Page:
Now, say you want to buy the same setup and run it on one Power S922. The base hardware costs $55,408 running AIX Enterprise Edition, which is essentially free at $988 per core on small machines. That works out to $40,588 after you peel off AIX for just the hardware. Now, we have to add the full IBM i and IBM i Application Server licenses to this box. It is $14,995 per core for IBM i, so that is another $74,975 across 5 cores and another $14,950 for IBM i Application Server on 10 cores (we estimate the price at one-tenth the full IBM i perpetual license price). Now, you have to add in $22,300 per year to this to cover floorspace, admin, power, cooling, and hardware and software maintenance. Add this all up over three years, and the acquisition of this setup would cost $197,413, which means the cloudy version of this same stack with on demand pricing (and no discounts applied) costs 2.5X that of the on premises iron.
This gap is not shocking. That’s the nature of the public cloud. That’s the price you pay to shift from capex to opex and to get flexibility.
Now, let’s take a look at what a Windows Server setup might cost on Amazon Web Services, which is by far the most popular public cloud on earth.
Let’s start out by being lazy and say, for instance, you don’t want to buy a raw virtual machine on AWS and load up and manage SQL Server, but rather you want to use its Relational Database Service, which as the name suggests comes preconfigured with a relational database (but not storage for data). The Relational Database Service can be equipped with a variety of databases, including Oracle, PostgreSQL, MySQL, and SQL Server.
On the latest generation db.m5 instances for the Relational Database Service, to get something in the same rough performance class as the Power S922 IBM has put into its cloud running IBM i and AIX, you might pick the db.m5.12xlarge instance, which has 48 virtual CPUs and 192 GB of memory with a single 10 Gb/sec Ethernet port linking it to the outside world and to the AWS backbone. Each virtual CPU is a thread on an Intel Xeon SP processor, which means this is equivalent to a two socket machine using 12 cores in each processor. The same core count as the two-socket Power S924 we found relevant integer benchmarks for to do our comparison and obviously more than the 20 cores that the Power S922 on the IBM Cloud has.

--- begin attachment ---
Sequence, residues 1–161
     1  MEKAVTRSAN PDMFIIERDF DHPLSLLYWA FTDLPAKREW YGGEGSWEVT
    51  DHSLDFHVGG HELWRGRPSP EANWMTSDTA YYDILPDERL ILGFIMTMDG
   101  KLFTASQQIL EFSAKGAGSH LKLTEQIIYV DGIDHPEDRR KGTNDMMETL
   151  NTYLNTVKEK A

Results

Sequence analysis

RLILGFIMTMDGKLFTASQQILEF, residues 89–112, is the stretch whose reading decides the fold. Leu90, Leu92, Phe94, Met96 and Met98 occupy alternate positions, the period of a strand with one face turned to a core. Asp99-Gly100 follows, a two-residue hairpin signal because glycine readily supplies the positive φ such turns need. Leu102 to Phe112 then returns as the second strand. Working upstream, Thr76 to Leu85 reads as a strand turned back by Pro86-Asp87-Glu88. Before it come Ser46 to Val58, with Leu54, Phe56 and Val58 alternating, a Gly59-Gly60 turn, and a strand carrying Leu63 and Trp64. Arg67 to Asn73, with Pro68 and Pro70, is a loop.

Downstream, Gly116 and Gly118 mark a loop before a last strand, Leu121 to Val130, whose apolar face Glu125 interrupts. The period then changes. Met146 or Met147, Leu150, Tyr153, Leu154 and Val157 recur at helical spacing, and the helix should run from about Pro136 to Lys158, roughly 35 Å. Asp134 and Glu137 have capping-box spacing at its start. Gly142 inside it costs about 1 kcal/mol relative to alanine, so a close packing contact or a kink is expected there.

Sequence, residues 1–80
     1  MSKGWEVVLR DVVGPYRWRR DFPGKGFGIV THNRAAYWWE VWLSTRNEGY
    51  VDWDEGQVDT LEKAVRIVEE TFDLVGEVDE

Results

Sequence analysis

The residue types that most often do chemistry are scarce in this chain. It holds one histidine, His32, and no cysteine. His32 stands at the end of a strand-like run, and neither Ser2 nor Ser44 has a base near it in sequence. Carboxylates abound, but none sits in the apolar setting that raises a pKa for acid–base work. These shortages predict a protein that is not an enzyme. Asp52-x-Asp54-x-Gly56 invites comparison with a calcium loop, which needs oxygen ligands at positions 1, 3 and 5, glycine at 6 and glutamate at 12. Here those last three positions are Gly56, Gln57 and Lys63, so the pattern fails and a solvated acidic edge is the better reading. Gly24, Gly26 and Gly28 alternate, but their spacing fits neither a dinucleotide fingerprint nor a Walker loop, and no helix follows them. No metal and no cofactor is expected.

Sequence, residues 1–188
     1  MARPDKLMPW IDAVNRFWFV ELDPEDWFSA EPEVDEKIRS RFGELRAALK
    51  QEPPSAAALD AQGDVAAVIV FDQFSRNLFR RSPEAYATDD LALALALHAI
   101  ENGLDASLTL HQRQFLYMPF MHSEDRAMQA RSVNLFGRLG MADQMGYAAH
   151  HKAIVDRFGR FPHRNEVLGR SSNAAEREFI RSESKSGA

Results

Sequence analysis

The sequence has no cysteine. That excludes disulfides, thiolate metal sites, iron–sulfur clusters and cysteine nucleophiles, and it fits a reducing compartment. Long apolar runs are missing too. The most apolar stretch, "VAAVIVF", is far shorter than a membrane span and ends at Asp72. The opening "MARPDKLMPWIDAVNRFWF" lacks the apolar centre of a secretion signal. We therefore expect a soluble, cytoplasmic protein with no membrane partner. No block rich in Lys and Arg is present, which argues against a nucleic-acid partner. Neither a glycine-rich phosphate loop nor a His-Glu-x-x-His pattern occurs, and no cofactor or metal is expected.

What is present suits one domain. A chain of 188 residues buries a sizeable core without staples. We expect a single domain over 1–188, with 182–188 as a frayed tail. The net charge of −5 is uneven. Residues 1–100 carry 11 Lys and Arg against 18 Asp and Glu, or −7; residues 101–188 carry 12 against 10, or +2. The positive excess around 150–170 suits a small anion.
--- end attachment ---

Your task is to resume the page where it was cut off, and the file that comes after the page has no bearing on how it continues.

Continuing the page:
We base this rough equivalence of compute on raw integer performance from pouring over the SPEC CPU2017 integer benchmarks. A two-socket Power S924 running Power9 cores at a base 3.4 GHz and having two dozen cores in total has a SPECrate2017_int_base rating of 213. The Power S922 has cores running at 2.9 GHz and if it were tested would probably have somewhere around a 152 rating on the same SPEC integer throughput test. If you dig around on the SPEC site, you can find a Dell PowerEdge R740xd system with a SPECrate2017_int_base rating of 152, which has a pair of “Skylake” Xeon SP 6136 Gold processors, each with 12 cores running at 3 GHz, and 384 GB of main memory.
If you price this machine up with the Dell online configurator and put Windows Server Datacenter Edition and SQL Server Enterprise Edition on it, with Pro Support on the hardware and the Microsoft software for three years, then this machine sells for $32,300, which is obviously very inexpensive. If you add in the same $15,000 per year that IBM figures floor space, administration, and other costs eat, that’s another $45,000 over three years, for a total of $77,300. The Microsoft stack and its support are heavily discounted by Dell, which helps that Windows-X86 platform price come down quite a bit. The Power S922 running IBM i as we configured it above costs 2.5X as much as the Windows Server system to acquire. This is consistent with the pricing we have seen between OS/400 and IBM i versus Windows Server for the past two decades. This gap is nothing new, even if it is annoying.